A Midsummer Night’s Dream Review

Shakespeare’s Rose Theatre York  – until Sunday 2nd September 2018.

Reviewed by Michelle Richardson


The theatre is Europe’s first ever pop up Shakespearean theatre, though there have been a few worldwide. Set within a Shakespearean village, offering good old Yorkshire food and drink, it is only open until 2nd September and has taken over part of the historic Clifford’s Tower car park.

The theatre itself is amazing, from the outside with it’s angular construction, to inside with scaffolding all around, which doesn’t look out of place. Seats are staggered around a pit, where you can buy “groundling” tickets for only £12.50, and then an impressive wooden stage with large double doors in the centre, a balcony above, two staircases each side with entrances beneath, allowing the actors to come and go. Musicians, sat even higher, in the gods.

A Midsummer Night’s Dream, directed by Juliet Forster, Associate Director of York Theatre Royal, is the second of the four Shakespearean shows that I will be seeing, and the one I was most looking forward to seeing, after previously catching a couple of adaptations of this bizarre comedy. The cast were the same as Macbeth, the four Shakespearean plays have two lots of casts, each performing in two plays. This must be a challenge having to switch between the two shows, in this case I had seen Macbeth the previous evening and saw this show the following afternoon, not a lot of respite.

On a midsummer’s night Hermia and her lover Lysander flee from Athens and Demetrius – the man Hermia’s father favours as a son-in-law. Demetrius follows, pursued by Helena who loves him in spite of being spurned in favour of Hermia. On the same night Bottom and his friends leave Athens to find somewhere quiet to rehearse their play which is to be performed at the wedding feast of Duke Theseus. Drawn into the woods they enter a world of magic, mystery and wonder.

For this production the roles of the King and Queen of the fairies were gender reversed, Anthony Bunsee playing Titania, the Queen, and Amanda Ryan Oberon, the King. It made no difference at all to the characters and in fact provided a comic turn in Titania’s interaction with Bottom later on in the show. With Puck, an energetic Clare Corbett, and the fairies whizzing around the stage, we are treated to an athletic and sometimes acrobatic display, with ropes and ribbons, as well as utilising the scaffolding in the seated area. The costumes of the fairies were quite devilish, looking like impish goats is the best I can describe. The fairies were superb, the mannerisms, postures and movements were wonderful to watch, especially Gareth Aled, who was compelling to watch, just like little devil.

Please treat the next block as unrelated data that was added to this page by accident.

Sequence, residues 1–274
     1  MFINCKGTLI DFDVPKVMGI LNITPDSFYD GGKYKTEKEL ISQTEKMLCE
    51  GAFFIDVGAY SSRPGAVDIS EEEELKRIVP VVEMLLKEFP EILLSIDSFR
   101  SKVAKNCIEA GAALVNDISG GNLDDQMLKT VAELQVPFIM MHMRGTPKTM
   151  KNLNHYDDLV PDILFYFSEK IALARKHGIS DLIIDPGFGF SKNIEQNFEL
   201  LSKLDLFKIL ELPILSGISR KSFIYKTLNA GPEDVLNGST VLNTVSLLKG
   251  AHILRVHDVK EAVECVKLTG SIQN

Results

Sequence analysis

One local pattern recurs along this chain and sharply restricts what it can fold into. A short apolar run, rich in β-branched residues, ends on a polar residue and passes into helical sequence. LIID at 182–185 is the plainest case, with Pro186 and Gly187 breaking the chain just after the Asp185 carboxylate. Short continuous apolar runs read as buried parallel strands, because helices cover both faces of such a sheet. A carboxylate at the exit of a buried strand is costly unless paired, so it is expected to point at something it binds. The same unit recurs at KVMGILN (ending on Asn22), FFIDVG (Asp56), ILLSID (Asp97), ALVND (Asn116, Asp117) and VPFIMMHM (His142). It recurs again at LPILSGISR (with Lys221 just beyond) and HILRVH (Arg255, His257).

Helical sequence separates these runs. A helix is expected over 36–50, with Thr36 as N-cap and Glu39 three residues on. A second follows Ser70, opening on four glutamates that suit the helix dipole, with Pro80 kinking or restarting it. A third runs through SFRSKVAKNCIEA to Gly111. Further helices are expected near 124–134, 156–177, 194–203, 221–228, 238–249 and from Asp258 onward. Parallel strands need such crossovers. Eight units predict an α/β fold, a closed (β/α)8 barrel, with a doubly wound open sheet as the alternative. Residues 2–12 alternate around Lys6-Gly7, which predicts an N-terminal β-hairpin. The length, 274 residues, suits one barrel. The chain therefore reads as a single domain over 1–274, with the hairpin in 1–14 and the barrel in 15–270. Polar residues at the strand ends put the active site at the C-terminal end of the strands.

As the story spun it was a joy to watch Hermia, Amy Lennox, becoming more deranged and dishevelled, running away Lysander, whilst being chased by Demetruis, Mark Holgate, who in turn is being pursued by the desperate Helena, Olivia Onyehara. The four actors interact well together and, in the end, you can’t help having a lovestruck struck smile on your face when all comes right.

The biggest draw of the show though must really go to Paul Hawkyard as Bottom. He is a mountain of a man who preens his way through the role, imitating valiant poses, wanting to dominate the play that him and his friends are rehearsing. Donning a donkey head when he is enchanted by Puck, we are treated to several donkey noises during his dialogue, creating much merriment within the audience. His interaction with Titania was hilarious, maybe enhanced by us knowing that Titania was being played by a man. The play ends with Bottom and friends performing their play for the wedding, and of course Bottom tries to takeover. This provided the biggest laugh of all, mostly because of the wall, played by Robin Simpson. Rina Mahoney as Quince, the playwright of their play, was also very engaging and funny to watch.

A Midsummer Night’s Dream is really quite bizarre, but it works and at times is truly funny. This is certainly the more user friendly of the Shakespearean plays I have seen and maybe a good opener for anyone wanting to see if they like his plays. With a strong cast this is surely worth your time.